The old phrase goes – How do you eat an elephant? One bite at a time. So how do you tell a 7 day adventure story? One little blog post at a time. It’s a bit overwhelming to tell the journey of 160 miles across a desert and it also feels pretty self-indulgent too. After all, this is a ‘company blog’ and shouldn’t I be blogging about ‘company things’? And yet, Run Pretty Far is the story of a women’s running journey and the colorful adventure of life – and in the end my little ‘ol experiences are what fuels each single nook and cranny of this biz, so I suppose this is the rightful home for my Jordan stories.
That said, I’m tucking them kind of ‘out of the way’ in a new category called: Adventures in Jordan 2012. Peruse if you wish and if it’s not your cup of tea – I still love you!
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The night before the long march, we were sitting in the tent, minding our own business. Doing what adventure racers do in the evening – eating freeze dried food, lancing blisters, reading course notes for the next day – when out of nowhere, the winds picked up and the dust started blowing. Red, thick sand and dust covering everything. The wind was instantly annoying, but I assumed it would only last a minute and I could go back to carefully taping my toes – after all, didn’t the weather know we had a big day tomorrow? Minutes turned into a half hour and the red grit kept coming. Several tents were flattened and the newly homeless racers started wondering around like vagabonds looking for cheap real estate.
As evening wore on the reality of being in a full force dust storm started to take hold. Each time a new gust would blow the wooden poles in our tent threatened to fall and the guys would jump up to steady them. I think I remember Howard yelling, “Man the poles!” as a gust was coming and the guys would hop up like sailors at sea to secure the ship. It was wonderfully epic and completely comical at the same time. But the truth is chivalry is not dead and I was very grateful to have them there.
We laughed at the absurdity of it all, but I do remember thinking, “Ok, this is just about enough adventure in my adventure race… can’t they make it stop now?” Oh right, this is not the ‘Hunger Games’. There’s no computer manipulating this storm, just good old God making it blow. Slowly and pitifully we all acquiesced that the red earth was going to keep on dumping down and we surrendered to our sleeping bags. It’s a surreal feeling to huddle in and drift under as the world is churning around you.
As I fell asleep, I thought to myself, “well, we’re certainly not in Kansas anymore” and then chuckled because the Wizard of Oz had been much on my mind before leaving the U.S. for the race. My last images of the night were of the Wicked Witch flying by on her bike as Dorothy’s world turns upside down.
In the morning, I tried to shake off the sand and some major grumpiness. My last pair of pristine rainbow injinji toe socks that I had been saving all week for the long day were now covered in red funk. Oh well, get over it and get moving. The ‘long march’ is the big banana and the first 4 days really just feel like some kind of prolonged foreplay getting ready for this event. As we moved through the morning rituals some people tossed around possible finish times, but most people kept their projected times a bit close to the vest. After talking strategy with Howard and Jack, my goal was to finish by midnight, but secretly I thought that seemed a bit slow. How could it possibly take 16 hours? 50 milers in the past have taken me about 10 hours…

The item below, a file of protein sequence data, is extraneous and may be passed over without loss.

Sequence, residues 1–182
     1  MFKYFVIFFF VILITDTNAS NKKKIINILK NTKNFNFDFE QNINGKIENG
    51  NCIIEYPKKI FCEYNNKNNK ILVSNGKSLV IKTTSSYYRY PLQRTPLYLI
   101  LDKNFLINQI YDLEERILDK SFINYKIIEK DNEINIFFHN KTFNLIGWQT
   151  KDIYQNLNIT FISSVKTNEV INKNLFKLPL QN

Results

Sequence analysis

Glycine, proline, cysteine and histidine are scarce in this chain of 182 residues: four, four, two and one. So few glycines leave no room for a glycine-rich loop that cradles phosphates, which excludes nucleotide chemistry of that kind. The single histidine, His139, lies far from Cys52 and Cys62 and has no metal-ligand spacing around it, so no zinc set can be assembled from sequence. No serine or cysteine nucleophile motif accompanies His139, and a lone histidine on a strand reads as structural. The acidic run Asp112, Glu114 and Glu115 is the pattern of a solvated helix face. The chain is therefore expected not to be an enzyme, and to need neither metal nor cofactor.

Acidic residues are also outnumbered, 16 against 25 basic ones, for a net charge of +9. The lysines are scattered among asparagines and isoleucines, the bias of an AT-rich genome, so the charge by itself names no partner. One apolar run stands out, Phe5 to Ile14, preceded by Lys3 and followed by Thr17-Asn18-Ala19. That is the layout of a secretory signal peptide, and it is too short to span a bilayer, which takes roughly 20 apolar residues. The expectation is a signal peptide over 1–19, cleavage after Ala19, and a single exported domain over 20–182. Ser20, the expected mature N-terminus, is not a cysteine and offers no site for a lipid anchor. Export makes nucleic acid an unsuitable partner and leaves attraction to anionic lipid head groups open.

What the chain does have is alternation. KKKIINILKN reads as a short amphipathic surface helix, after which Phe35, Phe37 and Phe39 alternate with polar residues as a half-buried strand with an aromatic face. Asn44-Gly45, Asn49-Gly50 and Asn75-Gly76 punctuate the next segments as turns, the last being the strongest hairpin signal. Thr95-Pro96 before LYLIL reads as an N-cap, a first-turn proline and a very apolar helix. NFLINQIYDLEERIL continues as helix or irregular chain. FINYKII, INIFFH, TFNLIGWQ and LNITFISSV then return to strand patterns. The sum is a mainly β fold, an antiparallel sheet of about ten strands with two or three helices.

From what we knew of the terrain, I had broken in out into 3 manageable sections: long canyon, then BIG hill, then road. My strategy was to manage myself through the worst heat of the day (2-5pm), kick ass on the hill, then give it everything I had on the last runnable road sections. I must have told Jack 3 times that morning, “I’m not scared”. And frankly, I wasn’t. I was so very ready to get going and eat that elephant, one bite at a time, spit fired over a BBQ pit for lunch.
A couple hours later, the only thing cooking was us. That canyon was the devil’s own personal wood fired oven. Sweat and sand and determination baking together in a long, hot, gruel. Grown men were looking for tiny rock overhangs of shade to rest for 20 seconds and let their blood come back down from a boil.
We finally came to a section of spectacular red rocky stairs and it seemed like perhaps we were starting to climb out of the canyon (we weren’t). I looked down and realized we had hit the rainbow sand section that I had watched Carlos talk about so many months ago. We walked through yellow sand, hot pink sand, scarlet sand, and deep, dark purple sand. I was absolutely mesmerized by this sand palette – little pockets and pools of rich, intense color. Maybe because I tend to live in an imaginary world or perhaps because of the Wizard of Oz dust storm the night before, but all I could think of was the Wicked Witch of the West riding through the sky on her broom, cackling as she spelled ‘Surrender Dorothy’ in purple smoke. That purple sand seemed to taunt me, “I’ll get you my pretty…”It was then I realized this was RTP and there was no way they were going to let this be an ‘easy 50 miler’. They were going to throw everything they could possibly find at us. So I just shook my head and cackled right back at that purple sand. Good thing I tend to trek alone or the other racers might think I had finally lost it.